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‘We are hiding out with no water’: Detroit privatizers deny poor people their right to water

June 28, 2014

by Tiny aka Lisa Gray-Garcia, Poor News Network

“We are hiding out in our own house with no water,” Shelah, a 15-year-old youth and poverty skola whispered on the phone to me. She went on to tell me she and her mama and 9-year-old brother were among thousands of poor families who have had their water service cut off in the last few months by the Detroit Water and Sewerage Department.

Every week, as some 3,000 additional families’ water is shut off by their “public” utility, Detroiters protest on Freedom Friday. – Photo: Ryan Felton

Every week, as some 3,000 additional families’ water is shut off by their “public” utility, Detroiters protest on Freedom Friday. – Photo: Ryan Felton

Since spring, up to 3,000 Detroit households per week have been getting their water shut off – for owing as little as $150 or two months in bills. This is the Detroit facing water privatization in which upward of 150,000 customers, late on bills that have increased 119 percent in the last decade, are now threatened with shut-offs. Detroit organizers estimate this could impact nearly half of Detroit’s mostly poor and Black population – between 200,000 and 300,000 people.

Privatization is the U.S. corporate answer to everything, and to Detroit, like Chicago and New Orleans and Oakland and hundreds of other U.S. cities, this means the private corporate theft of all of our public resources, including schools, parks, streets and housing. As us poor folks know, the result is we end up water-less, house-less, street-less and park-less – gentrified out of our own neighborhoods, schools and communities and shuttled into the biggest profit-maker of them all: plantation prisons.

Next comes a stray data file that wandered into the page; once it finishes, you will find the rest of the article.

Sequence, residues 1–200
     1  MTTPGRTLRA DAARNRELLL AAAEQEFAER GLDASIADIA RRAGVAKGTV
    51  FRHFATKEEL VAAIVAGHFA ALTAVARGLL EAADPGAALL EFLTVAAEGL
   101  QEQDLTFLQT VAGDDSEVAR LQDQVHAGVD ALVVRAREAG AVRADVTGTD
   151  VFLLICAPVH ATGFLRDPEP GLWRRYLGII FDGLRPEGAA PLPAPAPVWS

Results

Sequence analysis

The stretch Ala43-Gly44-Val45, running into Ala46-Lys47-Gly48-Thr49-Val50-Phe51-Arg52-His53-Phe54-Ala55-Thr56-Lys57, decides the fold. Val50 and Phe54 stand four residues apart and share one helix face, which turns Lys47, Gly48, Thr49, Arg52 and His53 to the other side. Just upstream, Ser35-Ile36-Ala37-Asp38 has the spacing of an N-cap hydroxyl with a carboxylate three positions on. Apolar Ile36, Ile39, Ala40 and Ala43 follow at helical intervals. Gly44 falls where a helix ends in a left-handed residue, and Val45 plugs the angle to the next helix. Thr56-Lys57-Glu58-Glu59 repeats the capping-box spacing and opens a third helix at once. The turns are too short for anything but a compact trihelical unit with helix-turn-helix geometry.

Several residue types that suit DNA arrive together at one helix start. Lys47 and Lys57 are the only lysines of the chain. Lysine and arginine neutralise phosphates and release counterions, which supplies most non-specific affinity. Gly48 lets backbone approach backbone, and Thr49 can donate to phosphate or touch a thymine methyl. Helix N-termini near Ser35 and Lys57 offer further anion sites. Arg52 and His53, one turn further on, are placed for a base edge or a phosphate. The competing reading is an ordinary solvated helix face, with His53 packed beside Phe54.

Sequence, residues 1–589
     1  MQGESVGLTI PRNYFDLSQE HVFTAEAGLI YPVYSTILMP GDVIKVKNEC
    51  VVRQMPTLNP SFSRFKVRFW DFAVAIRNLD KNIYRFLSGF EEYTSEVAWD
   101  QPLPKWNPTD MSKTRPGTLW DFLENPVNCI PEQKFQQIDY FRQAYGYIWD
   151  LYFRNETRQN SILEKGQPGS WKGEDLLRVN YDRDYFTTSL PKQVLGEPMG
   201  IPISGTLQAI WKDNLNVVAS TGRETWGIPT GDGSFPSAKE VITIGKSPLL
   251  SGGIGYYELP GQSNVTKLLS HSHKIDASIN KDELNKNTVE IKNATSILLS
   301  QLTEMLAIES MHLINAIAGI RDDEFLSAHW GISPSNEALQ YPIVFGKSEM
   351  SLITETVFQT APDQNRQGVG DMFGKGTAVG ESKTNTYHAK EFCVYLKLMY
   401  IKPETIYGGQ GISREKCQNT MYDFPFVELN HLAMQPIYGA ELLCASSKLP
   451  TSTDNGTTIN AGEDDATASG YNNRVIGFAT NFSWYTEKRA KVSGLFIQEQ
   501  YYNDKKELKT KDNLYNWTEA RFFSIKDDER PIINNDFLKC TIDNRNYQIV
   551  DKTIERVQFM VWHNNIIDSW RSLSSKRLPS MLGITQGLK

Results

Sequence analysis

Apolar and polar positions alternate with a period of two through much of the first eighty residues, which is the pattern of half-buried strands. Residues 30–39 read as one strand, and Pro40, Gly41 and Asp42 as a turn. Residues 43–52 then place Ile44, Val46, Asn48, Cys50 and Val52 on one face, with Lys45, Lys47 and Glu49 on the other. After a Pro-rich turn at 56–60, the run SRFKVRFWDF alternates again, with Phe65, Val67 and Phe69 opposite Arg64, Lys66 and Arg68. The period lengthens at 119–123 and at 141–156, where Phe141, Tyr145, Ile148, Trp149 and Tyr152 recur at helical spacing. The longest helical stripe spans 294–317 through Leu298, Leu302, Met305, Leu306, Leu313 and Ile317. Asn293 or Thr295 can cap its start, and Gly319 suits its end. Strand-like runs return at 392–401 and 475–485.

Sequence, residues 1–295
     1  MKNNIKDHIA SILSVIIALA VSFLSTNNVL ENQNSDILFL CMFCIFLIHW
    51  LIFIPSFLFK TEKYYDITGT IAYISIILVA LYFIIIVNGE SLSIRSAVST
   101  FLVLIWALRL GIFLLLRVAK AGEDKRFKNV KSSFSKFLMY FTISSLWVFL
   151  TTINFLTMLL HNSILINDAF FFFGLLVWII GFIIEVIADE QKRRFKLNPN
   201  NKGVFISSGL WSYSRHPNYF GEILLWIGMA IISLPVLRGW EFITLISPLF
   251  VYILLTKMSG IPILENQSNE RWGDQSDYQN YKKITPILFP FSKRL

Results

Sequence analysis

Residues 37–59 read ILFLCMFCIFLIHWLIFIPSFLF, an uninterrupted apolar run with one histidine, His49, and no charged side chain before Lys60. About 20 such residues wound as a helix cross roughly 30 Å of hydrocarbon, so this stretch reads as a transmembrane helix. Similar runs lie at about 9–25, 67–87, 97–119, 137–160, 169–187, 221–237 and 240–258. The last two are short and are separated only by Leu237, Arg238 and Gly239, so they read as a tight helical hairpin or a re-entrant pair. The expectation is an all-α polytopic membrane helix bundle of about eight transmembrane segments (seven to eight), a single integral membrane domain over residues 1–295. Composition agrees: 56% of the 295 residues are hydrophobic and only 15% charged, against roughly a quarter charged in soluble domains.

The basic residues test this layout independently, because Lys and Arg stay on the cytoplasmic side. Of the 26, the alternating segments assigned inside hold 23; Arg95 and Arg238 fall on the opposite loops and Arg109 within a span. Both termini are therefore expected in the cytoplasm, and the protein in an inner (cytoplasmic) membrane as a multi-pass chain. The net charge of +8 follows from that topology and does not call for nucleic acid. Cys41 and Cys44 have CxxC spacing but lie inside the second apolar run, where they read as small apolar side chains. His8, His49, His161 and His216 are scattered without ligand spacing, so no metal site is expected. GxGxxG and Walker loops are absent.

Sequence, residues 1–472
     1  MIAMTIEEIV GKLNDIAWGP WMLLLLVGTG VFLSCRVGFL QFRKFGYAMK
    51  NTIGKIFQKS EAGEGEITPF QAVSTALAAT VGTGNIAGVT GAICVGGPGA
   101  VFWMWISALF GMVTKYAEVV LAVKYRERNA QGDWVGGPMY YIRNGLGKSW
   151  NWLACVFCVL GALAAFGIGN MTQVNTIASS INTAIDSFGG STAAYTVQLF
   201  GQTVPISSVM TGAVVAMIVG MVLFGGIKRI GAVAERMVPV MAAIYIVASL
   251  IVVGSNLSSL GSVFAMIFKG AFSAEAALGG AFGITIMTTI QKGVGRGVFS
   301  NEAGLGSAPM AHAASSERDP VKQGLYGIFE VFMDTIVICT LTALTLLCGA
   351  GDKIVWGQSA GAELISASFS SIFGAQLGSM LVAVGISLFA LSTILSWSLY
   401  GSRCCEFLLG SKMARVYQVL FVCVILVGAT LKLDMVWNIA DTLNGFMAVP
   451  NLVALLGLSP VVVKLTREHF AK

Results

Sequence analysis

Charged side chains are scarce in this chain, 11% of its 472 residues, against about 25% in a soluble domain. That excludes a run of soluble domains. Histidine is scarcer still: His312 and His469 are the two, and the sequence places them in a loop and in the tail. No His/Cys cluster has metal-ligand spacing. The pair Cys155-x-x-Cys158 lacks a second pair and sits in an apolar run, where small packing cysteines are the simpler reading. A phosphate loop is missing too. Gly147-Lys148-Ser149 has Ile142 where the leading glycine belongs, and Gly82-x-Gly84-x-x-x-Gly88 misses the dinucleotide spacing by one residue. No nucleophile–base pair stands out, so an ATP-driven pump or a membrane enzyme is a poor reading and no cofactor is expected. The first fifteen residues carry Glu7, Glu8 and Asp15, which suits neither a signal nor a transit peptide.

This is nothing new. Poor people are always getting our so-called public utilities shut off. When me and my mama were dealing with our life-long poverty and about to be houseless in Oakland, all of our utilities were cut off. The first thing that happened was my mama was afraid CPS would find out and mark her as “negligent.” This is part of the deep criminalization and Catch 22 that poor families face all the time, causing us to not even seek so-called “help” for fear of more theft, removal and criminalization.

Since spring, up to 3,000 Detroit households per week have been getting their water shut off – for owing as little as $150 or two months in bills.

“My friend was put into foster care after her water got cut off,” Shelah whispered. She and her brother are among the many children who are now at risk of seizure by Children’s Separation Service, as it might as well be called, because after they take everything away from us poor folks, then they threaten to take our children. “That’s when we went into hiding,” she concluded.

This is nothing new. Poor people are always getting our so-called public utilities shut off.

Grassroots organizers have been fighting back.

A coalition of grassroots groups like Detroit People’s Water Board, Food and Water Watch and Canada-based Blue Planet Project issued a report on June 18 containing the testimony of people who are affected by the service shut-offs and said they were given no warning. They submitted the report, “Submission to the Special Rapporteur on the Human Right to Safe Drinking Water and Sanitation regarding water cutoffs in the City of Detroit, Michigan,” to the United Nations naming these shut-offs as a violation of human rights.

The U.N. answered back: “Disconnection of water services because of failure to pay due to lack of means constitutes a violation of the human right to water and other international human rights,” the U.N. officials said in a news release. “Because of a high poverty rate and a high unemployment rate, relatively expensive water bills in Detroit are unaffordable for a significant portion of the population.”